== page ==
Prosecutors in the UK may pursue criminal charges against singer Cliff Richard over alleged sex abuse. The 75-year-old has claimed his innocence for several years, but the net seems to be tightening.
The Crown Prosecution Service (CPS) - the state prosecutor - said in a statement Tuesday it will "carefully consider" evidence of historic sex abuse handed to it by South Yorkshire Police, in the north of England.
The case appeared to have been dropped in 2015, after its reportedly prejudicial coverage by the national broadcaster, the BBC, followed by claims in parliament that any case against Richard would also therefore be compromised.
The pop star - who has had 14 No 1 hits in Britain, including "Living Doll" and "Congratulations" - denies any wrongdoing and would not comment on the most recent developments.
A national icon for over 50 years, Richard is the only singer to have topped the UK singles chart in five consecutive decades, from the 1950s to the 1990s. He was knighted by Queen Elizabeth II in 1995.
There are several ongoing investigations and inquiries - criminal and non-criminal - into historical sex abuse allegations at institutions across the UK.
After the death of the feted and politically-connected BBC television star Jimmy Savile in 2011, it emerged - although not without resistance from within the BBC - that he had been a serial pedophile for many years. The BBC was accused of covering up the allegations, as were the police and various high-profile politicians.
There has been speculation that several such high-profile UK politicians, some of whom are now dead, and members of royalty, were also involved in systemic and systematic child abuse and the subsequent cover-up.
The backlash against the apparent impunity with which they operated, involving systemic abuse of boys taken from children's homes and orphanages, has infused the public's desire to see child abusers punished before they are unable to face justice in the post-Savile era.
It has been rumored, for example, that Richard was long associated with the Elm Guest House in south-west London, where celebrities reportedly met for sex parties in the 1970s and 1980s often involving underage boys.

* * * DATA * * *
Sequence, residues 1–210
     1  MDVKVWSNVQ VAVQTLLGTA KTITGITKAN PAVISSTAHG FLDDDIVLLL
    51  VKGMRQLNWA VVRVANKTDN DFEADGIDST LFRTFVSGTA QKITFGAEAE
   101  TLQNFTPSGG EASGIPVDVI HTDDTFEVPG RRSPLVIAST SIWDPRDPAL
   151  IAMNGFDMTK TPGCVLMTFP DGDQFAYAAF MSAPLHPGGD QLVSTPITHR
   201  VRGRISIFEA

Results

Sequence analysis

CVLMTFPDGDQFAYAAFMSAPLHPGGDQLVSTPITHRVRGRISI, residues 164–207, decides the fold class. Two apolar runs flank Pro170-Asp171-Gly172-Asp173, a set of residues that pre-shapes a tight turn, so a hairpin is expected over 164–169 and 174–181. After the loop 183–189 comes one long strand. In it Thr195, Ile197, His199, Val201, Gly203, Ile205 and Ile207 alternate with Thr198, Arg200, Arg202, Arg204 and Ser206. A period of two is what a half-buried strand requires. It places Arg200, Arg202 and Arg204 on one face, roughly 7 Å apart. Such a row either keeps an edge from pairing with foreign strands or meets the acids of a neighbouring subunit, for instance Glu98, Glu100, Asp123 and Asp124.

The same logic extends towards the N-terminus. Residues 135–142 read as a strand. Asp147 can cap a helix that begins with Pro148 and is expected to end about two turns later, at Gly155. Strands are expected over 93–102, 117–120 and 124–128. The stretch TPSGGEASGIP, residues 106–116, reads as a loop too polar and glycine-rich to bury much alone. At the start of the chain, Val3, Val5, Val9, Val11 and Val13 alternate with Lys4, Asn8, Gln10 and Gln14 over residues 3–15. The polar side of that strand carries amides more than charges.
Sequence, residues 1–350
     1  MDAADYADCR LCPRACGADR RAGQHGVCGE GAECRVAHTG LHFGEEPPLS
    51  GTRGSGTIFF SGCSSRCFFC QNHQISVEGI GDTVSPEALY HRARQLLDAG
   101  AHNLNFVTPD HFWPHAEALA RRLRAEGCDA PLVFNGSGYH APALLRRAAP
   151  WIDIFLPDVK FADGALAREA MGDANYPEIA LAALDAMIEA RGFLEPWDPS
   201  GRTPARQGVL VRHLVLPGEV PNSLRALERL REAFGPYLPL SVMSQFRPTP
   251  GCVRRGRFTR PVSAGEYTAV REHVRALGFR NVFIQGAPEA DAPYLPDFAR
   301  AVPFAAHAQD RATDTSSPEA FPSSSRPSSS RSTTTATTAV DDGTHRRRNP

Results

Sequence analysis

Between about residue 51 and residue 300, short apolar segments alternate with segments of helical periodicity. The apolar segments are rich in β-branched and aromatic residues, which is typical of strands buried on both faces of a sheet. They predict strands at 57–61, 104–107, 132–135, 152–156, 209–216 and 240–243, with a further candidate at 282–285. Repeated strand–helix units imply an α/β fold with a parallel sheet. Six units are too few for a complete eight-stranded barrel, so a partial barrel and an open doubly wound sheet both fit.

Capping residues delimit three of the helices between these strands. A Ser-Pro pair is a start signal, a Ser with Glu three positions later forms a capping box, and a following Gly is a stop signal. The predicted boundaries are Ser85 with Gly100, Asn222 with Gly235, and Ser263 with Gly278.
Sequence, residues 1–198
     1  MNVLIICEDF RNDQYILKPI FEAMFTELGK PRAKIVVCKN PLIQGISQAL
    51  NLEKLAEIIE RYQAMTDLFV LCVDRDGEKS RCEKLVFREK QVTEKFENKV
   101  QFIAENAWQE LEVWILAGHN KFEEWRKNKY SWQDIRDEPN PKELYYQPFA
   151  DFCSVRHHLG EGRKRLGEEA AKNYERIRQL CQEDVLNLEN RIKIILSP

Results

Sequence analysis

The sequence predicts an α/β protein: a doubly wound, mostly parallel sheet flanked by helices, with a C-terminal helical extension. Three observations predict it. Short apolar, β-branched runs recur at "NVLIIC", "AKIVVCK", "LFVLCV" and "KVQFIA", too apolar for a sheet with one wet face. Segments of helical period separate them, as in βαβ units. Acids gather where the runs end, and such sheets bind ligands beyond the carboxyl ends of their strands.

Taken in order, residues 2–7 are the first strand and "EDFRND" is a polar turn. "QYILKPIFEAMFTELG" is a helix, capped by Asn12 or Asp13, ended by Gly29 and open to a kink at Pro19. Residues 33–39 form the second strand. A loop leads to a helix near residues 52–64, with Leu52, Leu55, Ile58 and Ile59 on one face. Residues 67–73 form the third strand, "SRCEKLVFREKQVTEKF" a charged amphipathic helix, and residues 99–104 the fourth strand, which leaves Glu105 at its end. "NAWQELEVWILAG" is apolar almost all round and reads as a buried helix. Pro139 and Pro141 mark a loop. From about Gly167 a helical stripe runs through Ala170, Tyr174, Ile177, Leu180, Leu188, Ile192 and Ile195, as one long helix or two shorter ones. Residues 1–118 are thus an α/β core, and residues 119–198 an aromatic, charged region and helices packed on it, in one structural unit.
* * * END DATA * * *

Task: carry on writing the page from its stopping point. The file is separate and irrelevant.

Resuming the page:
The CPS will now determine if there is "sufficient evidence" to provide a reasonable chance of conviction and whether a prosecution is in the public interest.
Richard's country home has been raided twice in recent years and Richard has twice voluntarily met officers from South Yorkshire Police after it launched an inquiry in 2014 into allegations against him that date back to the 1980s. He wasn't arrested or charged.
Reports have suggested in recent years that Richard had been accused of sexually abusing a 15-year-old at a Christian rally led by the US evangelist Billy Graham in Sheffield, northern England, in 1985.
The allegations emerged in public in August 2014 when the BBC showed police officers raiding Richard's Berkshire home near London.
A report for the county's former police and crime commissioner found that the BBC's move "certainly interfered with his privacy and may well have caused unnecessary distress."
That raid led to criticism from members of parliament (MPs) who described co-operation between the police and BBC as "inept" and causing "irreparable damage" to the singer's reputation.
Last year the star's representatives attacked a parliamentary select committee for publishing a letter from Chief Constable David Crompton revealing that the police investigation had increased "significantly" in size and involved more than one allegation.
The CPS said Tuesday it will now go back and look at the evidence compiled by the police. “We have received a full file of evidence from South Yorkshire police," a CPS spokeswoman said.
A spokesman for Richard said: "It would be inappropriate to comment while the matter is under review."
jbh/kms (Reuters, AP)